Four new films to see this week

House of Gucci, Encanto and JFK Revisited in cinemas, Bruised on Netflix

Directed by Ridley Scott. Starring Lady Gaga, Adam Driver, Jared Leto, Jeremy Irons, Salma Hayek, Al Pacino. 15A cert, gen release, 159 min
Unwieldy tale of intrigue within the eponymous fashion house. This is a grisly carnival of poorly executed and just bad ideas. It's difficult to count the ways in which House of Gucci is undeserving of your time: The cosplay versions of Anna Wintour, André Leon Talley and other fashion folks! The prescriptive, entirely anachronistic musical cues! Pity Lady Gaga. She stayed in character for 18 months (!) ahead of this grim enterprise. But which character? The terrible, wholly inconsistent script can't decide if she is Lady Macbeth, a First Wives Club reject, or a cartoon character. Full review TB

Directed by Byron Howard, Jared Bush, Charise Castro Smith. Voices of Stephanie Beatriz, John Leguizamo, María Cecilia Botero, Diane Guerrero, Jessica Darrow. PG cert, gen release, 99 min

The new animation from Disney concerns the Madrigals, a family who live in an enchanted enclave in the mountains of Colombia. As each family member comes of age, they are granted a magical ability. But why has young Mirabel no particular gift? There is, alas, no trace of adventure or hint of jeopardy. The narrative thrust and subplots are wholly reliant on Lin-Manuel Miranda's song lyrics, without which we'd be lucky to distinguish one character from another. But the colourful production design is eye-popping and the voice cast charming. Full review TB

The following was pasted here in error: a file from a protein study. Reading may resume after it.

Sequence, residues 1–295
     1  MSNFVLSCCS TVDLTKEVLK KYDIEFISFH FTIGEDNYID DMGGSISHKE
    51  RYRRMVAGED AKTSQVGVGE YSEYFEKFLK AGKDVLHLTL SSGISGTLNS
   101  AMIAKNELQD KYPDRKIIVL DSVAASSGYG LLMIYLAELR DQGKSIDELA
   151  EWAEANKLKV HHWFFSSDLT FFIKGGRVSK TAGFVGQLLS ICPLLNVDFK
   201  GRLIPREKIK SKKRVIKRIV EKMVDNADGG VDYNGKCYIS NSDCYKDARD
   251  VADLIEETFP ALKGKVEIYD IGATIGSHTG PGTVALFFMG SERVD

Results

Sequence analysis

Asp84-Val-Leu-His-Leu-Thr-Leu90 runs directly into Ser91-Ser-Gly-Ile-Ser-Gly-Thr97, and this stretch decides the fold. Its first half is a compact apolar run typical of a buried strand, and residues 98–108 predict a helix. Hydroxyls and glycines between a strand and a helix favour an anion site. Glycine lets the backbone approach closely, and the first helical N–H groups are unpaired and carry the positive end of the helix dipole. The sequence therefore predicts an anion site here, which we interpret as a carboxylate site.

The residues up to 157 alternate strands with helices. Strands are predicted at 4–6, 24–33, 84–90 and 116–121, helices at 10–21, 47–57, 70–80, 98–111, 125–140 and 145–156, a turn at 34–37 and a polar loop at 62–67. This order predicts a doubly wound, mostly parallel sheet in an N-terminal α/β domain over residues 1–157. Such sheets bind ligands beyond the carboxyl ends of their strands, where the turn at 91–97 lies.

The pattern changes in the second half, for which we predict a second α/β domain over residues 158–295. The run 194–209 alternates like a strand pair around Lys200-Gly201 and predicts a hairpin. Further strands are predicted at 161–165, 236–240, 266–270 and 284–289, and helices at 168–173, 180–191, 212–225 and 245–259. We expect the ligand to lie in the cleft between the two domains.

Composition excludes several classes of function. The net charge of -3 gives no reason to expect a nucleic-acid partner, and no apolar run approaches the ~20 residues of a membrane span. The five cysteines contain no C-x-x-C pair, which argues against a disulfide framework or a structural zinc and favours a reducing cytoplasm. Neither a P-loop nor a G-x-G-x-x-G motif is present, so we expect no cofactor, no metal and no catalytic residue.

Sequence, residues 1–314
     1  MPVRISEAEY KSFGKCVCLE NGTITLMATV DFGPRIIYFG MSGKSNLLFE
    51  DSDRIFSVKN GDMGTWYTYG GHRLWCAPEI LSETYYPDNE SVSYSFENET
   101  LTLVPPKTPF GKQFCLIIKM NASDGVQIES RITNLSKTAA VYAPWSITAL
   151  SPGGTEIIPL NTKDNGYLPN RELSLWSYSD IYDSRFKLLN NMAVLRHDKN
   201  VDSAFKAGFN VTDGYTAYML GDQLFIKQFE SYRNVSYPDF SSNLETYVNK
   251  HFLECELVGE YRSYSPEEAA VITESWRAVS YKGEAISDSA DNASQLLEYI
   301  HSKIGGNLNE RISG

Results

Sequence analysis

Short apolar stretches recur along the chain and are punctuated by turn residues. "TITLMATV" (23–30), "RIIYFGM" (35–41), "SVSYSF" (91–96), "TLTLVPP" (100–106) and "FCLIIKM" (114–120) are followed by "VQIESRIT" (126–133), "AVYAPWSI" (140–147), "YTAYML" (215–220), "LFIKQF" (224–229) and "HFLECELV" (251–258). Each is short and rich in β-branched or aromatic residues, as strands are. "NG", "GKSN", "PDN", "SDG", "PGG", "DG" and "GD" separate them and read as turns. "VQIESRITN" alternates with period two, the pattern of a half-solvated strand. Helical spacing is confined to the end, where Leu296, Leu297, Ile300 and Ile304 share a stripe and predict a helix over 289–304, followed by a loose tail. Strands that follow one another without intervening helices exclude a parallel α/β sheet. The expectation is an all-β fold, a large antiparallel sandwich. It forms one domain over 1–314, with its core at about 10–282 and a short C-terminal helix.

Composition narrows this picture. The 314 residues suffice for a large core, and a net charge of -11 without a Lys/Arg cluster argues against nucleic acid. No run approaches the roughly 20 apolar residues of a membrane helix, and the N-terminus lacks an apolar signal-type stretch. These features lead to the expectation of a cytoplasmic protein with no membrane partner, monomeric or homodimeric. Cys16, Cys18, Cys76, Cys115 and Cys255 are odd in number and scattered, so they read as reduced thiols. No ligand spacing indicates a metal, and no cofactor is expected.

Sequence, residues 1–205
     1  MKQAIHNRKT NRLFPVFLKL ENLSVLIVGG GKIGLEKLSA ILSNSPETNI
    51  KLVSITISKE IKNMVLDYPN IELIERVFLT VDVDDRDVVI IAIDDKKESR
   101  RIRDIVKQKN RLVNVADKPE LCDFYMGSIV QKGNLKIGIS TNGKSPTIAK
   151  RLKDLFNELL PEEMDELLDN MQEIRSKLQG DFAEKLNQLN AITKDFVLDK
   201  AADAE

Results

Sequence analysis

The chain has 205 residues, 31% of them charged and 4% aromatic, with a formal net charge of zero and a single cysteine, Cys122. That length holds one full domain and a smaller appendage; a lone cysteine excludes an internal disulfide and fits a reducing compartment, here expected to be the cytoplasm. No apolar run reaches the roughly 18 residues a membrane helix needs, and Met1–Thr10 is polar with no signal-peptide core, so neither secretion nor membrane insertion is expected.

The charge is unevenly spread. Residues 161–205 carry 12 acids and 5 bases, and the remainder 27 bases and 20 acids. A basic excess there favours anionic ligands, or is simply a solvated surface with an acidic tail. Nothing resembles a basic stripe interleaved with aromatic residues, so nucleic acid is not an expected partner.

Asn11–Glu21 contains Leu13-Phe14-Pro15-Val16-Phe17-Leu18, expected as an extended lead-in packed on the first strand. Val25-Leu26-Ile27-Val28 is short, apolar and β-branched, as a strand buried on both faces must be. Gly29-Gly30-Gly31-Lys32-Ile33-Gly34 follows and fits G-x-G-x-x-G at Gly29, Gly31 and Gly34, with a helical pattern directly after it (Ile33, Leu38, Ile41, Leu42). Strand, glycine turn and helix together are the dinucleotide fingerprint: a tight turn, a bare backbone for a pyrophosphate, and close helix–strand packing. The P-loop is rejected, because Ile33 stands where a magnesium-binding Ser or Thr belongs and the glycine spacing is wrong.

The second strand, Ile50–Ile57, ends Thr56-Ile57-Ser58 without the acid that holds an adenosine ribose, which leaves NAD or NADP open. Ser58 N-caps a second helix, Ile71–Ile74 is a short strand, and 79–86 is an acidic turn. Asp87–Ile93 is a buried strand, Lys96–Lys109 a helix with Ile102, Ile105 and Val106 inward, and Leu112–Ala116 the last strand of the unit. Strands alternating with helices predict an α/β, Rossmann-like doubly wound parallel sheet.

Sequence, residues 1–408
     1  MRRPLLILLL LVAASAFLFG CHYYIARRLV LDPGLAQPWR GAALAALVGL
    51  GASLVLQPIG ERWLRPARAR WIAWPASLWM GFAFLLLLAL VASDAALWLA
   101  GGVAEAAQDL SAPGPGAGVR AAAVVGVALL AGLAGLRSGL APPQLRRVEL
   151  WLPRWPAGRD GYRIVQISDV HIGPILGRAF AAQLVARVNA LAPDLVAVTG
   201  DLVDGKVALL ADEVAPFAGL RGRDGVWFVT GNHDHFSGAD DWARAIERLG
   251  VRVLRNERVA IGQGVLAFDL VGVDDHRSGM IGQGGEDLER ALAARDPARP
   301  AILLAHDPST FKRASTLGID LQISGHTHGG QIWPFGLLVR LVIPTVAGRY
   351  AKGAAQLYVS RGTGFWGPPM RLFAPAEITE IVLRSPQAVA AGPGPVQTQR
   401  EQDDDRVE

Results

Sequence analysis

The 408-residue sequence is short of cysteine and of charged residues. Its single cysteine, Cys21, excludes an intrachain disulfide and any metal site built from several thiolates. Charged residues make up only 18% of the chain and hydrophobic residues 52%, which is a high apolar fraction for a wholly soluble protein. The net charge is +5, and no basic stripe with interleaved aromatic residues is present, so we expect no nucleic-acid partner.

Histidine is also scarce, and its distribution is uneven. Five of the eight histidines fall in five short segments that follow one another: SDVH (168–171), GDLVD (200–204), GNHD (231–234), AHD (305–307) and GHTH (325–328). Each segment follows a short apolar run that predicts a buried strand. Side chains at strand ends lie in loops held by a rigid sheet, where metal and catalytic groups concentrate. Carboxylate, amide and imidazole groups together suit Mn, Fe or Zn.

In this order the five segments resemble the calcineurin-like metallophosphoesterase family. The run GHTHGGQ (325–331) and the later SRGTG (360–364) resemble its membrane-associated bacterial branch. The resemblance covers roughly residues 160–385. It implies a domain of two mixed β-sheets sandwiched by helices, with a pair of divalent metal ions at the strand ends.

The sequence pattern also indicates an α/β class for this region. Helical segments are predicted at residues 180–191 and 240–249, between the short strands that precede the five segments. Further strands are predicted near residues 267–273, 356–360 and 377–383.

Directed by Halle Berry. Starring Halle Berry, Shamier Anderson, Adan Canto, Sheila Atim, Stephen McKinley Henderson, Valentina Shevchenko. Netflix, 138 min


Berry's solid directorial debut concerns the struggles of a washed-up MMA fighter to get back on top while raising the son she gave up for adoption years earlier. All the boxing movie cliches are here; we even get a training montage. But the impressive depictions of blue-collar America – the film stock seems as bruised as the combatants – and the excellent closing brawl make up for all that. It would be ungallant to mention the star's age, but let us say Ms Berry convinces in a role that would test many 10 years her junior. Full review DC

Directed by Oliver Stone. Featuring Oliver Stone, John R Tunheim, Henry Lee, Robert F Kennedy Jr, James K Galbraith, David Talbot. 15A cert, limited release, 118 min

Belated documentary follow-up to JFK spreads more conspiracies about magic bullets and exit wounds. Unlike JFK, which at least had the virtue of vulgar flamboyance, Through the Looking Glass plays out like a high-end YouTube video. The interviewees seem like serious-minded people. But, as has been the case for close to 60 years, we are left with a jumble of loosely connected discrepancies that will do little to persuade those who expect everyday existence to be just that chaotic. Much of these theories are now orthodoxies. Where's the shock value? Full review DC